This paper is focused on redefining surrogacy(1) in American culture, using queer theory and Judith Butler's theory of performativity. The rise of technology has not been lost on the industry of making, having, and caring for children. For those who cannot produce children themselves, these innovations have created opportunities to still experience parenthood. Gestational surrogacy, the focus of this study, is one option prospective parents may come across in their exploration of alternative childbearing practices. However, intended parents-- those looking to acquire a child-- are not the only piece of this complex puzzle, or triangular relationship, in the words of Butler; the process of creating a child has developed more ties, people, and experiences to navigate. When an intended parent or parents choose to take part in gestational surrogacy, another individual is added to the equation, a surrogate, “who carr[ies] a child (or children) for another individual or couple, with the intent to give the child to the intended parent(s) at birth” (Men Having Babies, Inc., 2018, p. 3). Online, surrogates have begun to create their own space, rhetoric, and identity within motherhood, parenthood, and baby-making, using social media (e.g., personal blogs, Instagram, Facebook). In these spaces, a new narrative has taken shape, one that changes or, in the words of Eve Sedgwick, queers the entire concept of motherhood and the womb itself. Using these social media spaces, surrogates share pregnancy photos, cravings, thoughts, and experiences meeting the prospective (intended) parents of the child they are carrying for nine months. Does this documentation, though limited in duration, make one a mother, at least for nine months? Do women feel emotionally connected to the child they are carrying and eventually let go of? How do finances play into this equation? The answers to each of these questions, in these women's social media communications are almost identical in meaning, downplaying financial elements of the surrogacy process and happily accepting the end result of passing the baby to the intended parents. Furthermore, many surrogates discuss questions asked by friends, family members, or followers about their surrogacy journeys and reply to them publicly on their blogs and social media accounts. Many of the answers to these questions are similar in nature, a pattern seen in my own questionnaire responses as well. In this way, surrogate bloggers have ritualized the acceptance of questions posed by onlookers as well as the answers to those questions. Most importantly, however, these answers ritualize an accepted feeling and emotional response that surrogates must feel toward surrogacy and the unborn child they are carrying. Moreover, this process of ritualization or, perhaps, standardization of the surrogacy process does not begin there. In order to become a surrogate, fertility clinics vet women using their mental and physical health history, intimate relationships, and support system. In the end, as seen through their social media representations, many of the women chosen for this duty have a similar profile in terms of medical history, relationships, and religious ties. The combination of each of these factors has created an ideal example for the study of American Christian rhetoric and heteronormative ideals surrounding alternative birthing practices in the United States.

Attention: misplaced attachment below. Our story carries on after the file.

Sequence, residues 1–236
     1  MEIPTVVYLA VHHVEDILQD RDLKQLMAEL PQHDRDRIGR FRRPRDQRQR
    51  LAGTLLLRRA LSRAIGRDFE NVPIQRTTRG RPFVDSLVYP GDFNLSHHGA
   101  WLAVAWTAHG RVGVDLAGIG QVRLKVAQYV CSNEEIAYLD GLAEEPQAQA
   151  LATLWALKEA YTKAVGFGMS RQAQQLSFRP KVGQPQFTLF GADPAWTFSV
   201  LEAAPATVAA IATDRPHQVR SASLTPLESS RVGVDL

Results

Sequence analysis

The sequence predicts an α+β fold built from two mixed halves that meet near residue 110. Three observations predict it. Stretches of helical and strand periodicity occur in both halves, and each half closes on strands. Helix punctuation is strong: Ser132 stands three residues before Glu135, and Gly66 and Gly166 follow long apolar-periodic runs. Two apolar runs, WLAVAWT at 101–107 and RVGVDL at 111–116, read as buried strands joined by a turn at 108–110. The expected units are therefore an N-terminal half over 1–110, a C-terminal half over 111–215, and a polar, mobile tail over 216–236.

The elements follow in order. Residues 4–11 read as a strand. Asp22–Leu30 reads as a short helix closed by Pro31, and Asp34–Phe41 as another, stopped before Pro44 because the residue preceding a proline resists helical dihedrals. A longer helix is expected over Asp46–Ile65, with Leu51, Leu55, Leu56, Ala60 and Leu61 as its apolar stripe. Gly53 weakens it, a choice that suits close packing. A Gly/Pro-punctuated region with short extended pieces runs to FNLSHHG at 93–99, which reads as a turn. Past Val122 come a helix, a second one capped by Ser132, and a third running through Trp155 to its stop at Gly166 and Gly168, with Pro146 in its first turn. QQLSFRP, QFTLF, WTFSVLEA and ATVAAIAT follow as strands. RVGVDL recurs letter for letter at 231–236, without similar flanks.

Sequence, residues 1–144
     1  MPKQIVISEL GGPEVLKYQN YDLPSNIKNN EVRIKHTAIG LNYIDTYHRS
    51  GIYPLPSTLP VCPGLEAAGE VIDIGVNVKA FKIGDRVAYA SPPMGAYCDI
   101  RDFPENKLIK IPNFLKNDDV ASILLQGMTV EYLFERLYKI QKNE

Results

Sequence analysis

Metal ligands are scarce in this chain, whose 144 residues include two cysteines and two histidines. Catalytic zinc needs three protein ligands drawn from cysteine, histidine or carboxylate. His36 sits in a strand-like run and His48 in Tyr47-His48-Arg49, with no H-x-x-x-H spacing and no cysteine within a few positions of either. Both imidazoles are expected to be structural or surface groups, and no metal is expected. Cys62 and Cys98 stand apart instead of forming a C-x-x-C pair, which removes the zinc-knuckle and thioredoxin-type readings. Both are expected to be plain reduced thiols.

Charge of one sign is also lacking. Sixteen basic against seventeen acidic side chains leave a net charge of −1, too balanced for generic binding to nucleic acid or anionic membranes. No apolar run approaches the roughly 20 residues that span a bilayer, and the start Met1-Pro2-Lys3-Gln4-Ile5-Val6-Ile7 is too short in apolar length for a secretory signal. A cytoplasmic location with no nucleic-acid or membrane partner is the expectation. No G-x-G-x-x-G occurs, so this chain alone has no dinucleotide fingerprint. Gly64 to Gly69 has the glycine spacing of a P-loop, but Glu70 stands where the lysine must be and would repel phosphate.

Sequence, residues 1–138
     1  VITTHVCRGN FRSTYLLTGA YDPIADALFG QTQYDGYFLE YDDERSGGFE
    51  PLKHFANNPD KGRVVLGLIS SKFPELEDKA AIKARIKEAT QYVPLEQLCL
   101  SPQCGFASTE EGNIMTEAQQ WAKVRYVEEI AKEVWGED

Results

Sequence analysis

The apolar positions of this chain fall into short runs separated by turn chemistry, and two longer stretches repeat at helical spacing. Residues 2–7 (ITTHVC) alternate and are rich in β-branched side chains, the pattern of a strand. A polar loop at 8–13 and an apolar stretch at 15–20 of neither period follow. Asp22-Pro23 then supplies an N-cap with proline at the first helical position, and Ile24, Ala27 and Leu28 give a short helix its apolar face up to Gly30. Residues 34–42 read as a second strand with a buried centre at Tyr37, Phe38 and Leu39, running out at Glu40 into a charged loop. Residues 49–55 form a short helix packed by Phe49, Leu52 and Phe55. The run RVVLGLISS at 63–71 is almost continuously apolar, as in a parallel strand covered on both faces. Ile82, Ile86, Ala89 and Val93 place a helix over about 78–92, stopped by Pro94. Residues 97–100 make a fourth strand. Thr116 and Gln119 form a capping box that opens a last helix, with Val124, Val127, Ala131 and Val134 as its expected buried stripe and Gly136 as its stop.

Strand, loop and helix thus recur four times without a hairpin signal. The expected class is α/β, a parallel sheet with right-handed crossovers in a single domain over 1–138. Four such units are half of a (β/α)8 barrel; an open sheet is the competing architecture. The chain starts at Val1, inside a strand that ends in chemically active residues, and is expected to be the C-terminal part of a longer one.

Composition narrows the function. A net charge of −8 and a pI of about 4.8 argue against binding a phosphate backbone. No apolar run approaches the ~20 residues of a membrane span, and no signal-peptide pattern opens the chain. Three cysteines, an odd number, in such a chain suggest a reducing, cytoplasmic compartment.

(1) Gestational surrogacy where “The child is genetically unrelated to the surrogate” is the focus of this study (Men Having Babies, Inc., 2018, p. 7).


Graham, Mark


Religious Studies


mother, american, social media

Publication Date


Degree Granted

Bachelor of Arts

Document Type

Senior Independent Study Thesis



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